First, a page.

Nigeria and Morocco working to secure funding for North Africa gas pipeline project
Nigeria and Morocco are still securing funding for a huge pipeline project that aims to carry Nigeria’s gas to North Africa and onto European markets, the country’s petroleum minister said on Monday.
Africa’s gas supplies are increasingly in the spotlight as the European Union looks to wean itself off Russia’s production after the invasion of Ukraine in February.
Four years ago, Morocco’s King Mohammed VI and Nigerian President Muhammadu Buhari agreed on the mega-project to carry gas along the Atlantic Coast in a deal that was first signed in 2016.
Nigeria’s Minister of Petroleum Resources Timipre Sylva said the pipeline would be an extension of a structure that has been pumping gas from southern Nigeria to Benin, Togo and Ghana since 2010.
“We want to continue that same pipeline all the way to Morocco down the coast. Right now, we are still at the level of studies, and of course, we are at the level of securing the funding for this project and a lot of people are indicating interest,” the minister said.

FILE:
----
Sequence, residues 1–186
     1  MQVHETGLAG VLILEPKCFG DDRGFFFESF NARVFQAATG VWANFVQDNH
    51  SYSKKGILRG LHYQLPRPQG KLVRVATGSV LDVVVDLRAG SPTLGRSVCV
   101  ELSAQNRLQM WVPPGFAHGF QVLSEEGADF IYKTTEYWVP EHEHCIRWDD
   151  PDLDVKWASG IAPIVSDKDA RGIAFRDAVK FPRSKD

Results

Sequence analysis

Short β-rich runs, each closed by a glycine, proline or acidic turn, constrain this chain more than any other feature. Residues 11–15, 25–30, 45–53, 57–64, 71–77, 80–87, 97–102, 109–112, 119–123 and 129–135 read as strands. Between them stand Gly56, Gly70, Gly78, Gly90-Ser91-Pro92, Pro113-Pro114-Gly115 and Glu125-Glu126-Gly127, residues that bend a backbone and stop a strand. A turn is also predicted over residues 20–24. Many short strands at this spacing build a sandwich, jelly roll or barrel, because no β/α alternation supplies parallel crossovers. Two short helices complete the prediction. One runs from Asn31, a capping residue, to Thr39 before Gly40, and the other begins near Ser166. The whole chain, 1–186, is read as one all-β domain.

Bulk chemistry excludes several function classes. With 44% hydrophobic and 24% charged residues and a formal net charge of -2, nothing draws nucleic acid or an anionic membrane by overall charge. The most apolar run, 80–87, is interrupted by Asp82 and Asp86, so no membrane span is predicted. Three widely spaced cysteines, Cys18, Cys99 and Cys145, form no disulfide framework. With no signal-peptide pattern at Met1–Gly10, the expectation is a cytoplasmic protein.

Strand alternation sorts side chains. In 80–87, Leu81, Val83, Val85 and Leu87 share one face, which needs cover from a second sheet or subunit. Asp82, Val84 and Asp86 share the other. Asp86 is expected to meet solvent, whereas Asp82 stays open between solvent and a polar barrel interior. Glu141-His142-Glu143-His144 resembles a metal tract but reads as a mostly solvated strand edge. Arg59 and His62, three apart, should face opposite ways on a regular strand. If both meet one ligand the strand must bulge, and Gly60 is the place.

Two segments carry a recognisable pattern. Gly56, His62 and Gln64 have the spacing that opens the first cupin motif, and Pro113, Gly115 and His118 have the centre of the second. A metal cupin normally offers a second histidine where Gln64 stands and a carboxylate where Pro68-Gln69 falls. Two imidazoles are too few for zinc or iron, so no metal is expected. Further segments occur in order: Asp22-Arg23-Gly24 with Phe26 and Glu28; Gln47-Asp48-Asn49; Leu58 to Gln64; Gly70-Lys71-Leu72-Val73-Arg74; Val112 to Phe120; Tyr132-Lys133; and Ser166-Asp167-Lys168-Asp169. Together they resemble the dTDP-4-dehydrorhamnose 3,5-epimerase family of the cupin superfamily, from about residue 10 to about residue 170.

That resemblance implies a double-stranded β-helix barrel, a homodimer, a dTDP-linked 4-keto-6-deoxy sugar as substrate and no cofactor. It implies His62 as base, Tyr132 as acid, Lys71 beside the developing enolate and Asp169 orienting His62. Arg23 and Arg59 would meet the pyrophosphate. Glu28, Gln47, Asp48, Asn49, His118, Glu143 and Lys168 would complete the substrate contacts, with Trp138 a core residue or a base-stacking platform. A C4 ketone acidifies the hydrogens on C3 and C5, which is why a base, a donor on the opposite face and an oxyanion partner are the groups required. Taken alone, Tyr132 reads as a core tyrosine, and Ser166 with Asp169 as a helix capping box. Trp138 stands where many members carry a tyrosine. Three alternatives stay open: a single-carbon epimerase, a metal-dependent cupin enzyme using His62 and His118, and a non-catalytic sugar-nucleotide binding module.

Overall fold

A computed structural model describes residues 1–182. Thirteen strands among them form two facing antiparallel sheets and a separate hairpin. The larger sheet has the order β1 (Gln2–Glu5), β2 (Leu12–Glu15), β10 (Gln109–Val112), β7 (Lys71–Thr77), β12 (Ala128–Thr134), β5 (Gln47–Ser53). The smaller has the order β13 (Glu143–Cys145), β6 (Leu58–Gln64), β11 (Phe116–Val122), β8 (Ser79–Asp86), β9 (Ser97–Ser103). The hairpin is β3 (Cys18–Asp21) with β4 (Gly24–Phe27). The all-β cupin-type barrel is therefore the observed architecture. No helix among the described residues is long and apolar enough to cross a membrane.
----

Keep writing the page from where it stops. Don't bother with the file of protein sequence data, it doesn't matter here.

“The Russians were with me in the office last week, they are very desirous to invest in this project and there are lot of other people who are also desirous to invest in the project.”
He said they had not concluded any financial arrangement for the pipeline.
“There is a lot of international interest, investors’ interest, in the project, but we have not really identified investors that we want to go with.”
Plans for a pipeline to take Nigeria’s gas resources to North Africa have long been discussed and Algeria has also held talks with Nigeria as far back as 2002 for a similar pipeline crossing the Sahel region.
OPEC member Nigeria has huge gas resources – the largest proven reserves in Africa and the seventh largest globally.
Fellow OPEC member Algeria, Africa’s largest gas exporter, said recently it was ready to supply Europe with more gas.
Russia’s state energy giant Gazprom has announced it has stopped all gas supplies to Poland and highly dependent Bulgaria, raising the spectre of a shortage in the region – and Europe as a whole.